After returning from Iraq in 2003, I found myself preparing to leave active-duty in 2004. For some reason, I encountered several interesting articles about Donald Rumsfeld and came to be pretty impressed with the guy. I don't mean his leadership style, or his decisions or anything like that. I mean personality-wise. He's got a great bio: elected to the House of Representatives at age 29, worked his way through Washington for nearly two decades before departing for the private sector. There he turned around two companies that were failing, and by all accounts, he did so with panache.
My boss became interested in Rummy too. We started to trade bits and pieces of information we encountered here and there. I told him I had read somewhere that Rumsfeld kept a an old tape deck in his office and when working late, would throw in a cassette of patriotic marches and pick up some dumbbells and do a few sets, just to get the blood flowing. My boss saw an interview on TV conducted at Rumsfeld's ranch in New Mexico. A lifelong friend, who was a successful businessman himself, said that Rummy has the energy of "five successful men." Another article I read noted that Rumsfeld doesn't sit at a desk, choosing instead to stand all day between two tall tables. Another noted his habit of frequently walking long distances to appointments in the capital, instead of hopping in his security vehicle - to the chagrin of his security detail. The man, while in his early 70s, would work 16 hour days, then routinely beat his subordinates at a squash game, then go home and spend his free time . . . writing a book for his wife about what a great person she is. I'm not making any of this up.
When I finally left active duty, at a small gathering of officers, my boss presented me with a nice plaque which read, "1st Lt Joshua Manchester: Like Rumsfeld, only smaller." I thought this was hilarious (I am only 5' 7") and a great compliment. He meant it in the manner of the hard-working, energetic, successful individual we had come to follow a little.
Since then, as the plaque has sat on my bookshelves here at home, I've often wondered how people would interpret it now that Rumsfeld's stock has fallen. If people ever ask me about it, wondering why I'd like to be identified with such a devil, as Rumsfeld has now been demonized, I'll have the privilege of telling some of those stories above.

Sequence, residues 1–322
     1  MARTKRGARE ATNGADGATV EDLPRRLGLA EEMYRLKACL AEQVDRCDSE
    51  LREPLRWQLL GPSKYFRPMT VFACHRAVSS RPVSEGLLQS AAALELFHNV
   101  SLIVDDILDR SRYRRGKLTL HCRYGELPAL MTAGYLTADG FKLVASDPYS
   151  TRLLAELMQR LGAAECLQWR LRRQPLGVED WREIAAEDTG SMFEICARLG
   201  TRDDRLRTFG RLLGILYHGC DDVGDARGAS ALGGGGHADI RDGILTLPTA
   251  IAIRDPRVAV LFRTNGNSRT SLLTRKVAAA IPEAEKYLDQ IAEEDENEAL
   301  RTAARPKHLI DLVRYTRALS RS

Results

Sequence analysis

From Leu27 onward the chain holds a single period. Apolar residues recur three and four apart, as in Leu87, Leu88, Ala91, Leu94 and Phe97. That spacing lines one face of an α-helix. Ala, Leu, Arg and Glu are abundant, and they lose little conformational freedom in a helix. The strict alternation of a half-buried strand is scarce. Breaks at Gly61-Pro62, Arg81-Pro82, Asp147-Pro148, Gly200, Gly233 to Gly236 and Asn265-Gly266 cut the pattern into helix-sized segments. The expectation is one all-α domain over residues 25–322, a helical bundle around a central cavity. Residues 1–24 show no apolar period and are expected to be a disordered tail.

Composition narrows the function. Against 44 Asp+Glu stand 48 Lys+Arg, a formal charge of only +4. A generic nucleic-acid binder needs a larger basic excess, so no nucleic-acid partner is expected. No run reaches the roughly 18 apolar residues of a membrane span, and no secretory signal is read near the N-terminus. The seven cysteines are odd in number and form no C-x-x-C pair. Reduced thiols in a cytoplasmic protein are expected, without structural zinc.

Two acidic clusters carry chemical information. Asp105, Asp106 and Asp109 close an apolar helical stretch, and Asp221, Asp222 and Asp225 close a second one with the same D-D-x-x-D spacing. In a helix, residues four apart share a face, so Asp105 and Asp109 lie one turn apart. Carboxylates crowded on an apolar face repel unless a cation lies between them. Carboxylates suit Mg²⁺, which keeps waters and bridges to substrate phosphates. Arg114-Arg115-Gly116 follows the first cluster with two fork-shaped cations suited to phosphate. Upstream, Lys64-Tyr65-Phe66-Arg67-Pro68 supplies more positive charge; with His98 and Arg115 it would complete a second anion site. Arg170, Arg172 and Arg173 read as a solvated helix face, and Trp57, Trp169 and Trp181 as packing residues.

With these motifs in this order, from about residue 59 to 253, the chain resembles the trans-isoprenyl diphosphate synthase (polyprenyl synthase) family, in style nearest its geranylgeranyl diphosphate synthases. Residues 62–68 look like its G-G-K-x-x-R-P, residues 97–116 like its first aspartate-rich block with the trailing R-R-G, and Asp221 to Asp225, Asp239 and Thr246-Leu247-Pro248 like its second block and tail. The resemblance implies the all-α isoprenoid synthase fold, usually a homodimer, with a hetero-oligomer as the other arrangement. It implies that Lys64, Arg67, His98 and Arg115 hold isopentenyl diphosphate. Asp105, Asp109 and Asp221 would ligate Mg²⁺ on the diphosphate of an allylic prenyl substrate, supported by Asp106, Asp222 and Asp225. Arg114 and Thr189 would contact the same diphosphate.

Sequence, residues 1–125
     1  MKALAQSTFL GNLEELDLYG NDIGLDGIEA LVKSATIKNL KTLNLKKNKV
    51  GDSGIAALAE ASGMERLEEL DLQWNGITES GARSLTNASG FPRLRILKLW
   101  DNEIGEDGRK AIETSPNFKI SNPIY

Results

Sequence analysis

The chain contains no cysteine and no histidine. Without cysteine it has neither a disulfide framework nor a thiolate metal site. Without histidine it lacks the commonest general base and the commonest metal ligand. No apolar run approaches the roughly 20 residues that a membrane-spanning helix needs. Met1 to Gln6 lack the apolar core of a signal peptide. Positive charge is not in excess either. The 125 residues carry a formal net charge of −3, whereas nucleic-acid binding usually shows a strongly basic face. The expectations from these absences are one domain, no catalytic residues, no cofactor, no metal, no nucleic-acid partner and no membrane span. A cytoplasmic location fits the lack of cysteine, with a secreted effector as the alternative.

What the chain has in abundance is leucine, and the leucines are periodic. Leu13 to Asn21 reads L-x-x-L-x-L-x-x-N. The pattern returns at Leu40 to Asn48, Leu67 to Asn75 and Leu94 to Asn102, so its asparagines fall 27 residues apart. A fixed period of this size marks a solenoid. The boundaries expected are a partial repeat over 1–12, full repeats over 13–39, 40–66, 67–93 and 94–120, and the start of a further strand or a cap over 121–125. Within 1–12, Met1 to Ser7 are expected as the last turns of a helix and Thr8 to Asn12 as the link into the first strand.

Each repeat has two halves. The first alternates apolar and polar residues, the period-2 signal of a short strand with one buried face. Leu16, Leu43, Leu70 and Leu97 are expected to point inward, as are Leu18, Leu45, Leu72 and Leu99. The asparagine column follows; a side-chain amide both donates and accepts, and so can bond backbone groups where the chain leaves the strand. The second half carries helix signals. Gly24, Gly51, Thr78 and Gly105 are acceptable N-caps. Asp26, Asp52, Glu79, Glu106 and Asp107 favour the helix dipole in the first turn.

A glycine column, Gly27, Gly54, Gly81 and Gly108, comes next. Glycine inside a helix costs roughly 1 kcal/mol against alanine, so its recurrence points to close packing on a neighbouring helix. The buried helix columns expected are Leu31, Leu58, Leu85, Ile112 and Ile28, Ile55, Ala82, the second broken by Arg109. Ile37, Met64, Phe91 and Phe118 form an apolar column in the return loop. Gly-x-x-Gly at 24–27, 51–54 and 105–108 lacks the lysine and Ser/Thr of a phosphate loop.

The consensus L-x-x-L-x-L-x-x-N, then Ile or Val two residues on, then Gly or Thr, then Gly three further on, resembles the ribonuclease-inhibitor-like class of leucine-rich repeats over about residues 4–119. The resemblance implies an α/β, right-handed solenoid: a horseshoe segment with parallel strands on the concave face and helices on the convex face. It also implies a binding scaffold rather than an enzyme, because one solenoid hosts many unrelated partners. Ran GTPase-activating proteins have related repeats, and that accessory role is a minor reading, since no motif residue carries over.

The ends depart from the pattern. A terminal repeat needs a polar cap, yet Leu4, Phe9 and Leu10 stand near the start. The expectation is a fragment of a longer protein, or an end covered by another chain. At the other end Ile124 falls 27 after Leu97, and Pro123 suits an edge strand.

Last week, a reader of Glenn Reynolds' blog Instapundit wrote him this email:
"The Military cannot change itself, no organization can do that. Imagine your company or organization suddenly saying that it needs to change to meet business challenges because that's what the CEO read in a magazine over the weekend. How's that work? You spend months on 'Mission statements' and going on useless employee retreats and in the end, the same lame-o fatass managers run the same asininely redundant departments only with different titles and cost centers. How do you get a company to change? You don't change because you want to, you change because the competition forces you to change. You get creamed in a quarterly result, or you get merged with the competition. So what happens to us if our Military gets creamed in combat or 'Merged'? In that respect, Rumsfelds transformation doest seem so bad now does it?
"The Military cannot change itself. Air Force screams at the Navy, Navy screams at the Army, and everyone screams at the Marines, and the Coast Guard continues to go on unfunded. Congress just sits squirms in its seat every time someone wants to do something simple like close an air force base, Private Industry? Oh sure that will work out fine, no self interest there, right?
"So what do you do? You get a man just exactly like Rumsfeld, who's been around forever, knows exactly what works and what doesn't work, knows where all the bodies are buried at every level of the chain of command and you let him loose by putting him at the top.
"Rumsfeld is uniquely and highly qualified to do exactly what he is doing. He is an institutional nightmare to the lifetime bureaucrat. Think of Rumsfeld as one of those CEO's that gets hired to turn around a company in bankruptcy court, or like Tom Peters without the PR team. This is not to say that the Military is 'bankrupt', but it has lost its way in some places. Do we really need a dozen more Seawolf submarines or should we have 50 more C-17s and C-5s? F-22's or MV-22's?, Airborne Laser Missile Defense or another 10 brigades of Marines and Special Forces? I don't know the answer to those questions, but I know better than to ask Admiral Chuck 'Seawolf' Hardmore if we need more Seawolf submarines.
"That's why we are lucky to have him, and that's why everyone hates him, because in the end Rumsfeld will be remembered as the greatest change agent of all time."
There seems to be a lot of truth in that. And there seems to be a lot of truth in the idea that an individual such as this would make everyone upset. Six years is a long time to be Secretary of Defense. It will take a while to see the true impact of Rumsfeld's changes and to judge them.
For the moment though, perhaps it's best just to be glad we had someone who was willing to shake things up so much, in a government that is all too often too moribund to escape its own inertia.
"Like Rumsfeld, only smaller." Before the war is over, we might find ourselves wishing we had another Secretary of Defense more like him than less.
Josh Manchester is a TCSDaily contributing writer and a veteran of the march to Baghdad. His blog is The Adventures of Chester (www.theadventuresofchester.com).